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Officials Release Never Before Seen Photos Of Damaged SEPTA Train

By Walt Hunter

PHILADELPHIA (CBS) -- SEPTA has now released, for the first time, a series of pictures showing damage to one of its trains pelted by a hail of rocks as it traveled through North Philadelphia on the evening of May 12,2015.

Minutes later, the NTSB has ruled, the engineer of Amtrak train #188, passing on an adjoining track, likely was distracted by radio messages about the incident, causing a loss of "situational awareness", the train accelerating into the Frankford Curve at 106 miles an hour, the wreck killing 8 and injuring 186.

The photos show interior pictures of the engineer's compartment filled with shattered glass, and also show where a rock struck windows in the passenger compartment. Fortunately, SEPTA Police Chief Tom Nestel says no one was seriously hurt.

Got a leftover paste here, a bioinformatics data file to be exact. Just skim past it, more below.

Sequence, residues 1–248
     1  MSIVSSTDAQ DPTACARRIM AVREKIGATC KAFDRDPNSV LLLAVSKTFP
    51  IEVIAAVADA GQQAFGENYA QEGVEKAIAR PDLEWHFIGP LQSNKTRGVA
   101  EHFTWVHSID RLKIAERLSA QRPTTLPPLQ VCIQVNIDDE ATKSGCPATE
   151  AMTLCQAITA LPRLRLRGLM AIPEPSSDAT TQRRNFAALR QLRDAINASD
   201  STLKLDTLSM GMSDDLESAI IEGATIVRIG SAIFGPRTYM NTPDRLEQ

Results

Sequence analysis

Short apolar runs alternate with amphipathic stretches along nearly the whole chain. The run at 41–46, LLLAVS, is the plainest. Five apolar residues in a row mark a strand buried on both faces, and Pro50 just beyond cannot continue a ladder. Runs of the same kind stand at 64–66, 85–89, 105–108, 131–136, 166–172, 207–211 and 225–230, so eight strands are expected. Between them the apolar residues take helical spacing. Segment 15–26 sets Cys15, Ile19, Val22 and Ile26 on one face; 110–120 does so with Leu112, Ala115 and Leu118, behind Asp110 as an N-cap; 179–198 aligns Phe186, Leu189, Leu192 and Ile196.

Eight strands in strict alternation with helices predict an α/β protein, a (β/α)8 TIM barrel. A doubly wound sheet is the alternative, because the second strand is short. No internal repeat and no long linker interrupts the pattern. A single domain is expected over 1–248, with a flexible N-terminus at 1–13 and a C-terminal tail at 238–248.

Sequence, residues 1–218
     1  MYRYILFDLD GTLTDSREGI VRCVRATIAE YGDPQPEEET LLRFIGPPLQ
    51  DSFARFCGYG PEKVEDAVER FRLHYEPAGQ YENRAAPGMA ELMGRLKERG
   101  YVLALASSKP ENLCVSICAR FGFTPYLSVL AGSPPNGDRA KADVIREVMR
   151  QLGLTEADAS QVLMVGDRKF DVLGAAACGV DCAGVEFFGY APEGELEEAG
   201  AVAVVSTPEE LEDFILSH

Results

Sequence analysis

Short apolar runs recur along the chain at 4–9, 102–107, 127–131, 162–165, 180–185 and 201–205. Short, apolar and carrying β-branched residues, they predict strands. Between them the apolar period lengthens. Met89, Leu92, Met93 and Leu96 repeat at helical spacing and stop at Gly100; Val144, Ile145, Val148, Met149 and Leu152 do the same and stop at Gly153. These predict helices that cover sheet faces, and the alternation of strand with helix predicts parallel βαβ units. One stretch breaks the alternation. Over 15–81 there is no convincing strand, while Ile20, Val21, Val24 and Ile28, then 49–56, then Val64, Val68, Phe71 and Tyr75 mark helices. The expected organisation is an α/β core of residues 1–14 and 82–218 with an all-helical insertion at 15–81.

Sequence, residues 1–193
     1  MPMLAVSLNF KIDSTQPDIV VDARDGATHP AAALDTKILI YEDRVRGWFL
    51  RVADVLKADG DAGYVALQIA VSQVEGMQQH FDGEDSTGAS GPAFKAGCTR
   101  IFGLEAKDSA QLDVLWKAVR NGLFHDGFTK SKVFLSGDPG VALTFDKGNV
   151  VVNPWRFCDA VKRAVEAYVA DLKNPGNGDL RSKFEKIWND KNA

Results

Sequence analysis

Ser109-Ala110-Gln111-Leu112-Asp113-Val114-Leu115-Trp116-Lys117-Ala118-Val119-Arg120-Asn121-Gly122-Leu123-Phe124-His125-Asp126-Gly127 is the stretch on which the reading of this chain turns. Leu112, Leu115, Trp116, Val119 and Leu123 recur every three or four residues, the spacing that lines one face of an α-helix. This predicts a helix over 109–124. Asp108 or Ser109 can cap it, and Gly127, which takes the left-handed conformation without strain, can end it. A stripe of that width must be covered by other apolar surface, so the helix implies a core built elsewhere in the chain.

While the rocks thrower or throwers were never caught, Chief Nestel advises his officers are targeting areas of rock attacks for special patrols and anyone caught, even juveniles, could face as much as 2 ½ to 5 years behind bars upon conviction.

Nestel says he believes while the actual number of reported rock attacks is low, it's because unless the rocks hit or shatter a window, most people assume it's noise from the train and don't report it.

The Chief says his officers meet with children in schools to talk about how dangerous rock throwing is and he urged parents to deliver that message to their children.

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